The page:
With more routinized measurements, local leaders can more easily identify the types of projects that deliver the biggest returns on investment. Ad-hoc improvements on one property or in one neighborhood are helpful, but researchers, planners, and policymakers can struggle to evaluate the impacts of such one-off projects. Instead, we need to recognize that costs and benefits result from many different projects and occur at many different geographic levels—and that ideally, we’re striving to test projects with multiple benefits that connect at a regional level. For instance, greenways (connected corridors and shared-use paths that typically preserve open space and vegetation) can boost transportation access, improve air quality, and manage stormwater runoff. The enormous co-benefits of these projects can cross multiple jurisdictions and lead to regional, systemwide improvements to health, safety, and sustainability for all residents.
Geographic scale of climate-related infrastructure investments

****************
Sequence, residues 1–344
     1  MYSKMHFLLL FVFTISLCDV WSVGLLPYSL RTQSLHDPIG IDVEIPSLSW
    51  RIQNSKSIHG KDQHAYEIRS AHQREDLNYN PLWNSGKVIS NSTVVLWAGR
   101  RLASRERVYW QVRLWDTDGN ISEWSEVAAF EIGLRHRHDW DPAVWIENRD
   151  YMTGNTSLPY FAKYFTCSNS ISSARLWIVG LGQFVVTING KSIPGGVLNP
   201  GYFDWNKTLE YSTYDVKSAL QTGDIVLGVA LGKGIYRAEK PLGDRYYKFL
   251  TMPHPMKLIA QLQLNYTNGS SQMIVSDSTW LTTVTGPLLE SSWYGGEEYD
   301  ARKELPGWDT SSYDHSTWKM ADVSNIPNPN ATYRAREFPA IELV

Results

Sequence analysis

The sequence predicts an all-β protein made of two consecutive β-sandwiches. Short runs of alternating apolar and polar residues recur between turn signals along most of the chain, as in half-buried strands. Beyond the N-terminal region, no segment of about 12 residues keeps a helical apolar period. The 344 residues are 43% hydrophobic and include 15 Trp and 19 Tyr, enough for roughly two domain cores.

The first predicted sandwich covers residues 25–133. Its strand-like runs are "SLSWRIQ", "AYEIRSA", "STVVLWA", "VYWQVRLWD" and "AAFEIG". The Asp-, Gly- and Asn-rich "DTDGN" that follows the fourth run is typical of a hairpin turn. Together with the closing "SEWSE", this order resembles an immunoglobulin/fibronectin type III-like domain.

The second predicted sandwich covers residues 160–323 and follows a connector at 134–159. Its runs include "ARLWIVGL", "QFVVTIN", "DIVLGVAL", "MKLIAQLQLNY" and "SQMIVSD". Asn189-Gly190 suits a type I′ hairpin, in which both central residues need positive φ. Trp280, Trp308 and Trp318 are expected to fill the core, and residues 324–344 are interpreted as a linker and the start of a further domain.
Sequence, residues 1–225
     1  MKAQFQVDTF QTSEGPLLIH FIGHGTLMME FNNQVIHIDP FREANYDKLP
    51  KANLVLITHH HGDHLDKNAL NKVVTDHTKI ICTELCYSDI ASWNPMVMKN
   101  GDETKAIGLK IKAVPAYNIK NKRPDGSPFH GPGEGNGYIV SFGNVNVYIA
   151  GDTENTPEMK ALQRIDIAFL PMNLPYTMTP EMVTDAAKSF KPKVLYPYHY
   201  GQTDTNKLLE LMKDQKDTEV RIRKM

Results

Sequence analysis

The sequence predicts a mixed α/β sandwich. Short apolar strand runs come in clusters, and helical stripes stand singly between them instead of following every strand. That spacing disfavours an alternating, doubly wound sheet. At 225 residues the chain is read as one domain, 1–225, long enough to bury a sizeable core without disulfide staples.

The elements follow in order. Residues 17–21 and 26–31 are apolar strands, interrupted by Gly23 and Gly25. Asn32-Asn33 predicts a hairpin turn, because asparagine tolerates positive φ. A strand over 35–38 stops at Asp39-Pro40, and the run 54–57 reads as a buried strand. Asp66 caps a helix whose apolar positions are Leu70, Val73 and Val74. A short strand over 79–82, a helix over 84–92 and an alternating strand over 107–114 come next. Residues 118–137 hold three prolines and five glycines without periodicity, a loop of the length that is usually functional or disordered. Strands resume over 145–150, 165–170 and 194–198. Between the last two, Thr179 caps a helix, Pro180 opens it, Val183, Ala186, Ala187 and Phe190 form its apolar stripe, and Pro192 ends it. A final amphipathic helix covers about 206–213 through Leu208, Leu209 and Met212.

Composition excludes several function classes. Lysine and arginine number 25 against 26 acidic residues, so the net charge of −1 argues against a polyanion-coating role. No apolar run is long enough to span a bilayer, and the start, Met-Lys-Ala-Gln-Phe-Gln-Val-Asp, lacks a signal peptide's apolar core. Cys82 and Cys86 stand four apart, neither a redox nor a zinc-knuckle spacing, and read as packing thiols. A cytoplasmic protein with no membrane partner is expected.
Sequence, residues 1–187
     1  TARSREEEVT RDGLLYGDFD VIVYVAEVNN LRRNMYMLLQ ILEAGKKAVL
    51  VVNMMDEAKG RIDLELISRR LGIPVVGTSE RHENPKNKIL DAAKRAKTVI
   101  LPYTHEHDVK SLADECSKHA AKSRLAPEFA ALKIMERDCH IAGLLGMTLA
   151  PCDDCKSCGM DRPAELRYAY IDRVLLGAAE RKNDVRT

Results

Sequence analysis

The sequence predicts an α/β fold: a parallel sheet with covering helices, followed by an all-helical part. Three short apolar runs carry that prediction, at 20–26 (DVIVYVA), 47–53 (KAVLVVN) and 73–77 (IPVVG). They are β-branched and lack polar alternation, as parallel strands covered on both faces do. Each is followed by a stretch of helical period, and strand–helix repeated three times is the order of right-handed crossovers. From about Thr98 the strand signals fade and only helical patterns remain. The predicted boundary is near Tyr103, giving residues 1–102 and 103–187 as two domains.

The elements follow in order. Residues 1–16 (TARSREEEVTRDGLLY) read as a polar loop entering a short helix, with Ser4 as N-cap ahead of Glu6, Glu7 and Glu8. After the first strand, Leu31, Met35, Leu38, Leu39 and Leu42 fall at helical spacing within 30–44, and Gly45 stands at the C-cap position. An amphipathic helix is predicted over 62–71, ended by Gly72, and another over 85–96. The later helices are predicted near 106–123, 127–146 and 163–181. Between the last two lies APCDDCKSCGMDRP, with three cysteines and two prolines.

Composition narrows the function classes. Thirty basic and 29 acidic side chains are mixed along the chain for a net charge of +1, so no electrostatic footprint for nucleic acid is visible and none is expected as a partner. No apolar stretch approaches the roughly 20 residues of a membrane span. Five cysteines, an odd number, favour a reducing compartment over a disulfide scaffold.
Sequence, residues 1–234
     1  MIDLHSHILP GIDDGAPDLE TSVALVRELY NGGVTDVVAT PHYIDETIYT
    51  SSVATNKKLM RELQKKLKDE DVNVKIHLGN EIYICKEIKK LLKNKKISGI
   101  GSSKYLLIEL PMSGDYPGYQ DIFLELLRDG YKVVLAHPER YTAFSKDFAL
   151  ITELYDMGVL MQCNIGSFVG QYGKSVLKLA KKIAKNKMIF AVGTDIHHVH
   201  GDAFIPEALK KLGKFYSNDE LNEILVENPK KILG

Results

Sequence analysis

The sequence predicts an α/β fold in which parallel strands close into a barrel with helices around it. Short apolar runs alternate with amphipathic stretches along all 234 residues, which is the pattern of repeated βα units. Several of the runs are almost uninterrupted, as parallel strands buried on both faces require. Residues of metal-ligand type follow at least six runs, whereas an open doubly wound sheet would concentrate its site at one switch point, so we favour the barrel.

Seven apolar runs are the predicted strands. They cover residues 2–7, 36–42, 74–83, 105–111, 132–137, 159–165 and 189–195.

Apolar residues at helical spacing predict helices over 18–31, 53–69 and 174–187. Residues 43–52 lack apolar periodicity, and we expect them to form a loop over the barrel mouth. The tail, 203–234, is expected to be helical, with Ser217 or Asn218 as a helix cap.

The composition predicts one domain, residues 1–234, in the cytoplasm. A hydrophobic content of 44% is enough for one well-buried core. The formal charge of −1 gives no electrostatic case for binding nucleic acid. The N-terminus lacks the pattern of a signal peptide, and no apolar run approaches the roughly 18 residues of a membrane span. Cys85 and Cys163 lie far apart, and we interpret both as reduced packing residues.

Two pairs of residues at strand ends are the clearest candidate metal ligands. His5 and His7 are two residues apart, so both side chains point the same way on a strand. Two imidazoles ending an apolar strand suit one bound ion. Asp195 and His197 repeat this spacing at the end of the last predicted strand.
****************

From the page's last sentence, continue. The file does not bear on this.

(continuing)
Examples of projects with multiple benefits are starting to emerge at a regional level. For instance, the city of Los Angeles and the University of Southern California have piloted an Urban Trees Initiative that supports a larger citywide effort to plant 90,000 trees and increase the tree canopy in “low-income heat zones” by 50%. By focusing on the reduced costs and increased benefits of tree canopy cover (reduced urban heat island effects and increased property values, for instance), leaders are attempting to target investments in areas that will minimize regional costs, maximize regional benefits, and generate a larger return on investment.